Amy Johnson - 1930s aviator After becoming the first woman to fly solo from Britain to Australia in 1930, the pioneering aviator went on to set a slew of long-distance flying records. She died after going off-course in bad weather while transporting RAF aircraft around the country for the Air Transport Auxiliary during the Second World War

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Amy Johnson (1903-1942) pioneering English aviator. The first aviatrix, to fly solo 11,000 miles (18,000 km) from England to Australia (in a Gipsy Moth), with a co-pilot she flew London to Moscow in one day, and then across Siberia and on to Tokyo, setting a record time for flying from Britain to Japan

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Amy Johnson. She was the first woman to fly solo from Britain to Australia and broke several flying records during the 1930s, including the fastest flight from Britain to Moscow and Britain to Japan.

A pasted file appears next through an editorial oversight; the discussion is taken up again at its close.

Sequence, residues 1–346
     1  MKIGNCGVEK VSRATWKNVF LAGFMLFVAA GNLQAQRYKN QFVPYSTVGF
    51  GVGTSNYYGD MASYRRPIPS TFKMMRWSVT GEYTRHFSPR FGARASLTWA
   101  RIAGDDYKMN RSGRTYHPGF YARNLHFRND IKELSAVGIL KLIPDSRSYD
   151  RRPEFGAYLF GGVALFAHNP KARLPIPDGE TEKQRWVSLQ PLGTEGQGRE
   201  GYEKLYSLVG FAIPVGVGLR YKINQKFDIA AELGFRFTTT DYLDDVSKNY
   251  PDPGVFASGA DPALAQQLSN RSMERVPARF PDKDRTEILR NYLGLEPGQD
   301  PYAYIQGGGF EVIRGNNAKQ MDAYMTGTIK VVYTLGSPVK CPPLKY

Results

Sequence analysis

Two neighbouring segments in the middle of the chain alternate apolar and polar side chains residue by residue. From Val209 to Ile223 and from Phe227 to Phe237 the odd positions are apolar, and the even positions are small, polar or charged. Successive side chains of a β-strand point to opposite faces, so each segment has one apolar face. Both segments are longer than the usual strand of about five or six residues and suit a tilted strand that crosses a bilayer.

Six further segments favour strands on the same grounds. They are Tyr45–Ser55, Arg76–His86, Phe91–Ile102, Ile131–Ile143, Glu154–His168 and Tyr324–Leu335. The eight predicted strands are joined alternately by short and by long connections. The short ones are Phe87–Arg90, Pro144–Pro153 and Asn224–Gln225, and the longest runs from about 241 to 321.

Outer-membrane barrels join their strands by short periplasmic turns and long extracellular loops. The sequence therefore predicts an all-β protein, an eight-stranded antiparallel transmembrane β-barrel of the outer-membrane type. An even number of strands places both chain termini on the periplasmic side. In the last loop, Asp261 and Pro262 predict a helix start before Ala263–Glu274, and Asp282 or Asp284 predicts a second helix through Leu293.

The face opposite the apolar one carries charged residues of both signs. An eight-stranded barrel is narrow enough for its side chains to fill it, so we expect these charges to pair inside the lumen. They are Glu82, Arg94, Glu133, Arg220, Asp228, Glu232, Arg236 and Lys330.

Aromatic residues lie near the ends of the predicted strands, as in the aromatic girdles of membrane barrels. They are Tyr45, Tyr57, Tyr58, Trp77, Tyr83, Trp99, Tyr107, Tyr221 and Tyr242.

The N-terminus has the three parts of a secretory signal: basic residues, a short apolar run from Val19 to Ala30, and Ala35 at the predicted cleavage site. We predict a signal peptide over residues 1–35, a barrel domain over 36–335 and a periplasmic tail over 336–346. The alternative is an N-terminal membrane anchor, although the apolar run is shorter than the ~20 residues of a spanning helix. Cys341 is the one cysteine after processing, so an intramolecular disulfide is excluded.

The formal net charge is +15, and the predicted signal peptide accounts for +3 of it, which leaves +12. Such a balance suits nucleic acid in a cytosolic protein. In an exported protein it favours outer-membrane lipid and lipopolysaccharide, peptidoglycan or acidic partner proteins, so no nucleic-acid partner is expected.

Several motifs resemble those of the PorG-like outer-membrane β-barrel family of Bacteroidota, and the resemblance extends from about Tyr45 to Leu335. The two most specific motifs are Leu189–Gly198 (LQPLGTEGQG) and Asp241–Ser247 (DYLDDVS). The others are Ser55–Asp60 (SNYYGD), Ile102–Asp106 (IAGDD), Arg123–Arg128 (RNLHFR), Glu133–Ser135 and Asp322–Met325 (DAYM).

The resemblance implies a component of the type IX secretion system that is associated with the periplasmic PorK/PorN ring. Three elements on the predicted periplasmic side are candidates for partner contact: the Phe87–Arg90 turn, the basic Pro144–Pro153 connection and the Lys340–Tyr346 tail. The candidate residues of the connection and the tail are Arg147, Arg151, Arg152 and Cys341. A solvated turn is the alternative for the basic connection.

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At the age of 26, Amy Johnson became the first female pilot to fly alone from Britain to Australia.

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Pioneer British aviatrix, Amy Johnson . Amy Johnson was the first female pilot to fly alone from Britain to Australia, which she achieved at the age of 26. Her flying career began in 1928 and other triumphs included becoming the first female ground engineer licensed by the Air Ministry, and being awarded the C.B.E. for her flying achievements.

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BBC - A History of the World - Object : Amy Johnson's Flying Bag

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Amy Johnson, CBE (1 July 1903 – 5 January 1941) was a pioneering English aviatrix and was the first female pilot to fly alone from Britain to Australia. Flying solo or with her husband, Jim Mollison, she set numerous long-distance records during the 1930s. She flew in the Second World War as a part of the Air Transport Auxiliary and died during a ferry flight.

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